Saturday, March 24, 2018

Heceta Head

"Thanks, Rheo!" is the theme of this soggy and cold blog missive. The weather report had been rather dire with lots of water forecasted to fall from the sky and I had pretty much decided I was not going to go. But then Rheo called and asked me to take her place as hike leader, citing the very convenient excuse of having to recover from foot surgery. That's a pretty lame excuse if you ask me, foot surgery pun intended. At any rate, it was a sparsely attended hike with just 4 other intrepid hikers (and one dog) braving the elements, led by one hike leader muttering "Thanks, Rheo" every quarter-mile or so.

"View" from Heceta Head
When we left Roseburg, it was actually sunny and we were ever so naive and optimistic as we hopped in the cars and headed to the coast. By the time we hit Reedsport, it was obvious we had left the good weather behind. And by the time we hit Devil's Elbow State Park at Heceta Head, we all knew we were in for it, as a steady rain beat a staccato rhythm on the windshield. All dressed up and with somewhere to go, we set out on the trail with a "Thanks, Rheo!".

Heceta Head Lighthouse
A short uphill climb on a wide gravel path took us to Heceta Head Lighthouse and it was raining hard so we just sideswiped that particular attraction and ducked into the woods on Heceta Head. Anything to get out of the rain, even if it meant slogging up a steep and muddy trail. I had eaten a fast food breakfast and right about now, it sat in my stomach like a 16 pound bowling ball n the rack, and I was wondering if I was going to hork up breakfast before cresting Heceta Head. I'm glad to report that no breakfasts were horked on this hike.

A forest hobbits could love
Fortunately, the climb to the top of Heceta Head was finite and I was a happy hiker when I no longer had to haul my bloated bulk uphill. But be careful what you ask for Richard, for the trail off the head was steep, muddy, and slippery enough to qualify as treacherous in places. The wind blows pretty regularly here and the trees were phantasmagorically shaped by the wind, or maybe they were just born that way. At any rate, a brief opening in the forest provided a heavily clouded look to the beach  below where normally there would be an awe-inspiring view, as long as you didn't think too much about the 500 foot elevation gain hiking back from the beach.

"Thanks, Rheo!"
The trail leading down to the beach is whimsically called the Hobbit Trail but the hobbits were all in in hiding or hibernation from the constant rain. We weren't and for some reason, we saw no other hikers out this day, not sure why that was. Once on the beach, miles of wet sand stretched in front of us, the moisture glistening on a darkly gray day.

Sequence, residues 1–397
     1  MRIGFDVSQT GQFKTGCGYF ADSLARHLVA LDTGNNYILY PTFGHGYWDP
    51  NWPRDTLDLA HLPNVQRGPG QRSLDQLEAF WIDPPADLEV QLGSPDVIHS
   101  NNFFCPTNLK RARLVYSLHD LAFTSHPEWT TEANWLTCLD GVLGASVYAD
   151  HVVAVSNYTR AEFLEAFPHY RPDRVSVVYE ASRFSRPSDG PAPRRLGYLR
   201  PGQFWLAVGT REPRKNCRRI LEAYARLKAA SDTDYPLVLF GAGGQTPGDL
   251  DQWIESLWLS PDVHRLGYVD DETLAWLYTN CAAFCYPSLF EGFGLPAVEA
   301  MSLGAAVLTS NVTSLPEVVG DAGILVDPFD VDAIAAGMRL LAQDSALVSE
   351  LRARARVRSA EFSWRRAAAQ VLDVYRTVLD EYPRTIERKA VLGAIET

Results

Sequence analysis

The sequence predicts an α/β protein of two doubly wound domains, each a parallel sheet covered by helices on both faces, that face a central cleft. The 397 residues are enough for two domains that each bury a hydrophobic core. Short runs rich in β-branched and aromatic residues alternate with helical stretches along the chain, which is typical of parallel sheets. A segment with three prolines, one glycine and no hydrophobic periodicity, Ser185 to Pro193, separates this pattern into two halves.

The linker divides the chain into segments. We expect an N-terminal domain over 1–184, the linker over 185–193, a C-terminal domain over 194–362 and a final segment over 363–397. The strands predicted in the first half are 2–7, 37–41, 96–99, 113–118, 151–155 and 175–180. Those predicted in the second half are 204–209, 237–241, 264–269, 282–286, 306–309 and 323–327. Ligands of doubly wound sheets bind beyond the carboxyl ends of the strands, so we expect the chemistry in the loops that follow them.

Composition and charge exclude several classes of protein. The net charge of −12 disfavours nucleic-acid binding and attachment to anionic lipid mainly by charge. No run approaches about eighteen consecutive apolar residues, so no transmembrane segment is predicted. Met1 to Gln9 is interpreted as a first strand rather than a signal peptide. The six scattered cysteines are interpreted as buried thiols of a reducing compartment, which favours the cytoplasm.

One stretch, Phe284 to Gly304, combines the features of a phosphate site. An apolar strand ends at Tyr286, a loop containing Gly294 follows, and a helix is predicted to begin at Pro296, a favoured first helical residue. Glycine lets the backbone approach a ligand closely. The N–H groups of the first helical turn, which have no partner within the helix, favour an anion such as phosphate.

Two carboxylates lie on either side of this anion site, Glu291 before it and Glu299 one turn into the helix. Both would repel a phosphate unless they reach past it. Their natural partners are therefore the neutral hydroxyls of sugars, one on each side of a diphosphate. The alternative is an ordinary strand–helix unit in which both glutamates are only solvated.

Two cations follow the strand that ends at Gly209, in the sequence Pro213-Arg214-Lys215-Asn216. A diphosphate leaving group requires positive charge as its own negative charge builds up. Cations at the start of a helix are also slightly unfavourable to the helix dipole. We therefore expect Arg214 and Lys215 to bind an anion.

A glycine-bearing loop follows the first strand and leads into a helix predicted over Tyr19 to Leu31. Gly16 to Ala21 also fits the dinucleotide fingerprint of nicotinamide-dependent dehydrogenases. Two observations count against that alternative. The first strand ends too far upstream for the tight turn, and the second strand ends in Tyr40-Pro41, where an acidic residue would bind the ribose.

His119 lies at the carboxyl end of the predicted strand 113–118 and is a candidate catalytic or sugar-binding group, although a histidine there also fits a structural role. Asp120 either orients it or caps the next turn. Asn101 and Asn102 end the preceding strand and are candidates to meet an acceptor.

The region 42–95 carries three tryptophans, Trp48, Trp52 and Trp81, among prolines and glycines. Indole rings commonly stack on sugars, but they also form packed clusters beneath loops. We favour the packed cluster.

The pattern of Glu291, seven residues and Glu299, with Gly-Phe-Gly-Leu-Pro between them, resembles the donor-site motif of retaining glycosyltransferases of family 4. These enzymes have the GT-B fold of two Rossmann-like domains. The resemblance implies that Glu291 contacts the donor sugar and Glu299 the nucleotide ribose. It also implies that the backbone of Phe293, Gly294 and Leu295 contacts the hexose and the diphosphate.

Heceta Head, in the rain
About the only good thing about the weather was that the wind was at our backs, which made the rain just a smidge more tolerable. At this point, it was a given that we and our gear were quite wet and it just got to the point that you couldn't get any more wet that you already were. So, it was like "whatever" and somewhere on the beach I began to actually enjoy the hike. Or maybe "enjoy" isn't quite the correct word, "endure" might be closer to it, but I really and truly was beginning to enjoy the endurance of the hike, thereof. Or maybe it was just the early onset of rain-induced dementia setting in.

A bald eagle roosts in the inclement weather
Although we did not run into any other hikers, we did spot some wildlife, most notably that of a bald eagle sitting on a bare branch, totally unfazed by both the steady rain and our presence on his erstwhile lonely beach. He allowed us to not-so stealthily approach and take photos of his majestic birdness. I say he, but he could have also been a she too, I suppose.

Gnarled and twisted, like my feet
We exited the beach at Carl Washburne State Park and normally, this is where we eat lunch. But the idea of gathering around a picnic table out in the open, munching soggy sandwiches, didn't seem very appealing so we just continued on, hiking through woods comprised of trees gnarled and twisted by frequent sea breezes. 

China Creek, in the all-day rain
The hike back to Heceta Head was spent mostly in wet and dripping woods dark and lovely, on a trail that loosely followed Creeks China and Blowout. There was a small pond, formed by a beaver dam, but not all hikers saw it, choosing instead to focus on maintaining footing on a slick trail.

The sign of a good hike
By now, I had forgotten my peevishness at my friend Rheo but I was getting there again, slogging back up and over Heceta Head on a trail that had, if anything, gotten more muddy and slippery while we were hiking on the beach and back. Sure enough, on the way down, my left foot lost footing and I went on about a 10 yard slide on my back down the trail. "Thanks, Rheo!" and this time I meant it. After arriving home, I read an e-mail from another hiking group that had scratched their coast hike this weekend, because "no one would be crazy enough to hike in this weather". Heh, heh, that was not entirely true now, was it? Thanks, Rheo!

The baleful eye of Sauron gazes upon us
Because of the wet weather, I didn't take a lot of pictures but the few that I did take are in the Flickr album.

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